ICYMI: Golden Calls Out Corporate Greed Behind New TV Ads on Rx Drugs
LEWISTON — In case you missed it, Congressman Jared Golden (ME-02) took to the pages of the Bangor Daily News on Friday to pull back the curtain on a set of misleading political TV ads currently running in Maine. In the op-ed, Golden shows that the misleading ads —which are intended to scare Mainers into opposing popular, common-sense measures to lower prescription drug prices — are funded by a dark money group whose top known contributors include the nation’s biggest pharmaceutical companies.
Rep. Jared Golden (ME-02)
“Hardly six months have gone by since Election Day, but corporate interests are once again flooding our TV screens with misleading, negative political ads. This time it’s the pharmaceutical companies and their allies, who are spending hundreds of thousands of dollars to warn you about a ‘socialist drug takeover’ or American drugs ‘marching straight through Beijing.’ In the ads, a dark and ominous voice tells you there’s a dangerous plan to seize the drug market and that you should call on me, your congressman in the 2nd District, to oppose it.
“It’s not the first time Big Pharma has used these scare tactics. Drug companies have grown used to year after year of sky-high profits while they jack up the price of medications like insulin on working Americans. These companies have a good thing going, and they want to protect it.That’s why they spend millions every year to lobby Congress and stage massive advertising campaigns designed to scare, mislead and distract Americans from the fact that their prescription prices keep going up and up, just like drug company profits.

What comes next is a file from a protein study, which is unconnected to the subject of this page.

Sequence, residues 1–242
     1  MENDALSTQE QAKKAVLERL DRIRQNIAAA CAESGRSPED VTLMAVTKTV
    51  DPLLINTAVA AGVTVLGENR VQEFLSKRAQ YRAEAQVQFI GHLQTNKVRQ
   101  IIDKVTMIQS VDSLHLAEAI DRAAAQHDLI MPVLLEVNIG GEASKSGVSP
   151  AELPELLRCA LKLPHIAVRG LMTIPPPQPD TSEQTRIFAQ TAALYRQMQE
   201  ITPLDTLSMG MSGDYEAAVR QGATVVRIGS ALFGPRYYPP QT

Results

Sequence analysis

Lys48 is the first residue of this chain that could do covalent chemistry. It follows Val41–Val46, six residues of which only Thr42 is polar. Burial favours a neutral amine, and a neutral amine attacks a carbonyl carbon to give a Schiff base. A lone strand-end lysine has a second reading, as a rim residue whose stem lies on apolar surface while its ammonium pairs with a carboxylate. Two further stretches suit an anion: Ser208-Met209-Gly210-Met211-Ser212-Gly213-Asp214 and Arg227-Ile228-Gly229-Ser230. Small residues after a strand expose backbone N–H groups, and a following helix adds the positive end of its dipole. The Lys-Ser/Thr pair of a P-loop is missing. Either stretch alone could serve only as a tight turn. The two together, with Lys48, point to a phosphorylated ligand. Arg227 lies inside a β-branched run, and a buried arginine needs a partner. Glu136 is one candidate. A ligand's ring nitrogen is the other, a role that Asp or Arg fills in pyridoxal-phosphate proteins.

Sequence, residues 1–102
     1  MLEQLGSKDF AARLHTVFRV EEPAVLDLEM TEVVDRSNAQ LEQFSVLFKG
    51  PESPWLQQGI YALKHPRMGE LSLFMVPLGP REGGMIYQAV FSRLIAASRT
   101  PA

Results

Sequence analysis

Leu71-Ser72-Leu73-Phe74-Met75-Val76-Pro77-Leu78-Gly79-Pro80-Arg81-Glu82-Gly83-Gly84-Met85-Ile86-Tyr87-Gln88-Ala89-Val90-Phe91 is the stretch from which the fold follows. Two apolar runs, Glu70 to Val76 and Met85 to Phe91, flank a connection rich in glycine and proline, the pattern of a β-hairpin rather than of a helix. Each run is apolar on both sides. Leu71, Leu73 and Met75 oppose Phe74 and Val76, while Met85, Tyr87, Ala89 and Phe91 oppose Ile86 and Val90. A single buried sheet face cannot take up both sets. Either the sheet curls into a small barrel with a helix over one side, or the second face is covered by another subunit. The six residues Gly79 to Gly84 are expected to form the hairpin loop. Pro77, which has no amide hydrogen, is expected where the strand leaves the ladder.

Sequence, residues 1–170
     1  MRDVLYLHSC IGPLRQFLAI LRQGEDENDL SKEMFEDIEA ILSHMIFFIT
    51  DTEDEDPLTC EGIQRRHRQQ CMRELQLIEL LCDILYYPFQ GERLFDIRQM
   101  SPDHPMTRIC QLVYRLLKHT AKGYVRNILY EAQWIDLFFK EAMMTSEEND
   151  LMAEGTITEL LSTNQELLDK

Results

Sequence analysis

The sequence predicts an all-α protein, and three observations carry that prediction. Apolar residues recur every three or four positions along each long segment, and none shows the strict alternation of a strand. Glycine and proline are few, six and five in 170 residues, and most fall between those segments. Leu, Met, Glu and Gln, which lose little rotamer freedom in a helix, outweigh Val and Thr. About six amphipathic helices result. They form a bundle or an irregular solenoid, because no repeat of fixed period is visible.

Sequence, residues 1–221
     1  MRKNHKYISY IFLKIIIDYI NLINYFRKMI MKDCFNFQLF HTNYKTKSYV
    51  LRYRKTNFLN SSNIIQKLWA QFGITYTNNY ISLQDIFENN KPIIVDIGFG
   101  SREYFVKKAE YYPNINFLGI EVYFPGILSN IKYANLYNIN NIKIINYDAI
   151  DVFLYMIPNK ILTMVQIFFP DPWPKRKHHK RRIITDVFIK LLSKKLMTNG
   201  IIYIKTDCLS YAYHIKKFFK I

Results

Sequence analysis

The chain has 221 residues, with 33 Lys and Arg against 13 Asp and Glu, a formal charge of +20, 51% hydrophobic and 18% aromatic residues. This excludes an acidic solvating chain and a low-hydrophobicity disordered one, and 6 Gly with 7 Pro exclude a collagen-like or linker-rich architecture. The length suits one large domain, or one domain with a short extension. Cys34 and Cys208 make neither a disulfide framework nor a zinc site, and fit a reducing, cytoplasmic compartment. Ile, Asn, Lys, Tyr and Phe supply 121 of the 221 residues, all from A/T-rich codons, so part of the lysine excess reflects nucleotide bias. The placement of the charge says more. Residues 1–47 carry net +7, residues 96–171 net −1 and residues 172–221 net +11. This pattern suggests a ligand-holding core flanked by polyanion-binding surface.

“So with that in mind, let’s pull back the curtain and see what’s really behind these TV ads.”
Congressman Golden has made lowering prescription drug prices for Mainers a top priority. Last month, he and three other representatives led a group of over 80 lawmakers calling on the Biden Administration to allow Medicare to negotiate lower drug prices for America’s seniors and use the savings generated to lower the eligibility age for Medicare to 60. Last Congress, he cosponsored and voted to pass H.R. 3, the Lower Drug Costs Now Act. One of the first bills he introduced when he came to Congress was the FLAT Prices Act, which would help lower drug costs by punishing pharmaceutical companies for abusive price hikes and limiting monopoly periods to encourage competition from generics.